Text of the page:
Further distribution of registered voters in the three senatorial districts of the state shows that Edo South has the highest figure of 1,281,414; followed by Edo North with 564,122 and Edo Central has 364,998.
Edo South is made up of seven council; Edo North, six councils and Edo Central, five councils.
According to the number of collected PVCs, Oredo zone has 240,197; Ikpoba-Okha, 214,882; Egor, 158,817; Etsako West, 128,188 and Akoko Edo, 115,343.
On the surface, the atmosphere in Edo State seems very charged, threatening to boil over, but among the residents, particularly of Benin City, the state capital, there is a general feeling of expectant relief that after today, life would return to normal.
Apart from the 2007 governorship election that produced Adams Oshiomhole as the state’s third civilian governor, no other such contest has generated the kind of tension engendered by the current exercise.
Unlike in the past, today’s showdown between Obaseki and Ize-Iyamu has a lot of issues pushing up the hot narratives, chief among the troubling issues include 2023 calculations/godfather interests and partisan survival/geopolitics, among others.
The foregoing considerations have been feeding the tension and threats of violence that pervaded preparations for today’s strategic poll. There are indications that the real battlefield for the two front row candidates would be Edo South senatorial district, which has 1.2 million registered voters. The zone offers the true test of the power of incumbency, as both Obaseki and his main challenger, Ize-Iyamu, hail from there and how the people perceive Obaseki’s performance in the past four years could inform their choices.
To douse tension, the National Peace Committee (NPC), supported by the Independent National Electoral Commission (INEC), organised a peace convention, where Obaseki of PDP and APC’s Ize-Iyamu committed themselves to non-violence.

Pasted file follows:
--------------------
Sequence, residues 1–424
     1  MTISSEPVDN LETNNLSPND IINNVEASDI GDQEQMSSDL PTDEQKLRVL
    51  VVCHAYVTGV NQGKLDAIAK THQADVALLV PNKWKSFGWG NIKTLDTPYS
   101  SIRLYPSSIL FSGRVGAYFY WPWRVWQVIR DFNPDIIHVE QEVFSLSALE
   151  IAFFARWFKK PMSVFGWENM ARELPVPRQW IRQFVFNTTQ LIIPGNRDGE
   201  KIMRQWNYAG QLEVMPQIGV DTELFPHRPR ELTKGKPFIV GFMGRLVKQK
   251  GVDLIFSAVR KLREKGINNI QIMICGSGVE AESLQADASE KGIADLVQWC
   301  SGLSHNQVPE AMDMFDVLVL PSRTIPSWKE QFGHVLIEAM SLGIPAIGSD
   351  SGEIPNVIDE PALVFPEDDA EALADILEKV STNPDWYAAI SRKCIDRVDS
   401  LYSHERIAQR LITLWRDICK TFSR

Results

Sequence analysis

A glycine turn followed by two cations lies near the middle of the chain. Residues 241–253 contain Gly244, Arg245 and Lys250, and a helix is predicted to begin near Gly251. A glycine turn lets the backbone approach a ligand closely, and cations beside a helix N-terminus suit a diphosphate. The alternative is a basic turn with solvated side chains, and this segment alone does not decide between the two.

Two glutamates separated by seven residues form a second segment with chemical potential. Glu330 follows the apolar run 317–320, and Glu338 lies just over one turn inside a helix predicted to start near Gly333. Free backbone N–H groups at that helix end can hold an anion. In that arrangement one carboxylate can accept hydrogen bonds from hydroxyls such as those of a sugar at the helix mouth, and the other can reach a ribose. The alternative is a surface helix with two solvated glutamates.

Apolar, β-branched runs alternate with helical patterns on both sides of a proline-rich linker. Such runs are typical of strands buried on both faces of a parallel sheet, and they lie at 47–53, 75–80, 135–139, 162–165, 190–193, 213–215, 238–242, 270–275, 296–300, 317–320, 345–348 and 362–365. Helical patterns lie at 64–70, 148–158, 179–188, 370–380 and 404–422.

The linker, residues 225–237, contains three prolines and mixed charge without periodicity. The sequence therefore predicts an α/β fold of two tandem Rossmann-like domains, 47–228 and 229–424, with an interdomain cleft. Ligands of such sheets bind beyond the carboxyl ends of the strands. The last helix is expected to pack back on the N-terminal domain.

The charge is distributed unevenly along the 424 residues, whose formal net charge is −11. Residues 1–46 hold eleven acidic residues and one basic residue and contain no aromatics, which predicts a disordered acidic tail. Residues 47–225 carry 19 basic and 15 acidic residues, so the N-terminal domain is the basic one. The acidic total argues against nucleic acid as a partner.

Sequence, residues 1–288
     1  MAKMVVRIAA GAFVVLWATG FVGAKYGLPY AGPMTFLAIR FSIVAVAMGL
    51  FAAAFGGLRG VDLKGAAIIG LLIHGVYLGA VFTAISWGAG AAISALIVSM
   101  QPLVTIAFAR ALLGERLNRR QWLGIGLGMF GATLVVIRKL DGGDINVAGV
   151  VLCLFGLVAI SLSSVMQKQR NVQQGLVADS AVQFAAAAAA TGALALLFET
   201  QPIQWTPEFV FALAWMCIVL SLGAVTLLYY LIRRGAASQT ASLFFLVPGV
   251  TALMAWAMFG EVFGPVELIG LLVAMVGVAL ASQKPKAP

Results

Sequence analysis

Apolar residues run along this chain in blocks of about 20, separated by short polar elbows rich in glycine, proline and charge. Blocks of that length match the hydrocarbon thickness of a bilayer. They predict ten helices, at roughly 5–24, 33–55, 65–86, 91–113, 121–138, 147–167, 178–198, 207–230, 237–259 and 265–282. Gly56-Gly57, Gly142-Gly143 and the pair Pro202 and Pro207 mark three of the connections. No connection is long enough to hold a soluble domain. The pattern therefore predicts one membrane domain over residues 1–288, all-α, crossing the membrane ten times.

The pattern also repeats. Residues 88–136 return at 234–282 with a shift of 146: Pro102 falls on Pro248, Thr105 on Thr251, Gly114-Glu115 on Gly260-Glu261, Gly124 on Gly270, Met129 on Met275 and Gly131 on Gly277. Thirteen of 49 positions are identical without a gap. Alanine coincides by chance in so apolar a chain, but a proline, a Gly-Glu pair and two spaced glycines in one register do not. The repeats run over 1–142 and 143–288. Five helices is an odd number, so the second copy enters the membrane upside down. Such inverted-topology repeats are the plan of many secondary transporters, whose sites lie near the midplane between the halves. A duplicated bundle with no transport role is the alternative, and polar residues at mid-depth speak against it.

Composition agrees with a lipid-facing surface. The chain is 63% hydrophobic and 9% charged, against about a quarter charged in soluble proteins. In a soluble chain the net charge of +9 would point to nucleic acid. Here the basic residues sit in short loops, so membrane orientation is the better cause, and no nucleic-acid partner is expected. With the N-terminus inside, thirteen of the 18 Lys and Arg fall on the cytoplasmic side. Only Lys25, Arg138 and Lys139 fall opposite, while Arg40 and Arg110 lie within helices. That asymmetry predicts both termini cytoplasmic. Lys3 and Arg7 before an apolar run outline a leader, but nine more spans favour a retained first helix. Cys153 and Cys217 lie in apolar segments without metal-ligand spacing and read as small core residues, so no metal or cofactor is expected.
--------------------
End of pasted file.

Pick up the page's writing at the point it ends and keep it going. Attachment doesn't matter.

INEC Chairman, Prof. Mahmood Yakubu, has assured political parties/candidates and the people of a level playfield, declaring that the Commission would remain impartial, just as Chairman of the NPC and a former military head of state, Gen. Abdulsalami Abubakar, restated the committee’s commitment to free, fair and credible elections.
Convener of NPC and Catholic Bishop of Sokoto Diocese, Rev. Father Matthew Hassan Kukah, described the signing of the peace accord as not just a mere ceremony, “but a spiritual vow among the candidates participating in the election.”
Earlier before the gladiators signed the peace pact, Inspector General of Police (IGP), Mohammed Adamu, represented by Deputy Inspector General (Research and Planning), Adeleye Oyebade, reminded them of the need to respect the contents of the resolution, assuring: “We are here to ensure a hitch-free, fair and credible election and I have assured all that the Police will remain professional to the core.
“…Go back to speak with all your people about what you have signed. The electorate should come out to vote, because we are prepared to protect them. Edo will have the best of the best elections in Nigeria.”
The politics of 2023 and godfather investment were on virtually all discussions about the poll right from the build up. But it all comes down today, as both APC and PDP see Edo State as a very strategic outpost to enhance their chase of the ultimate triumph in 2023, with the thinking that whoever clinches the governorship would be midway to greater sphere of influence across the geopolitical zones.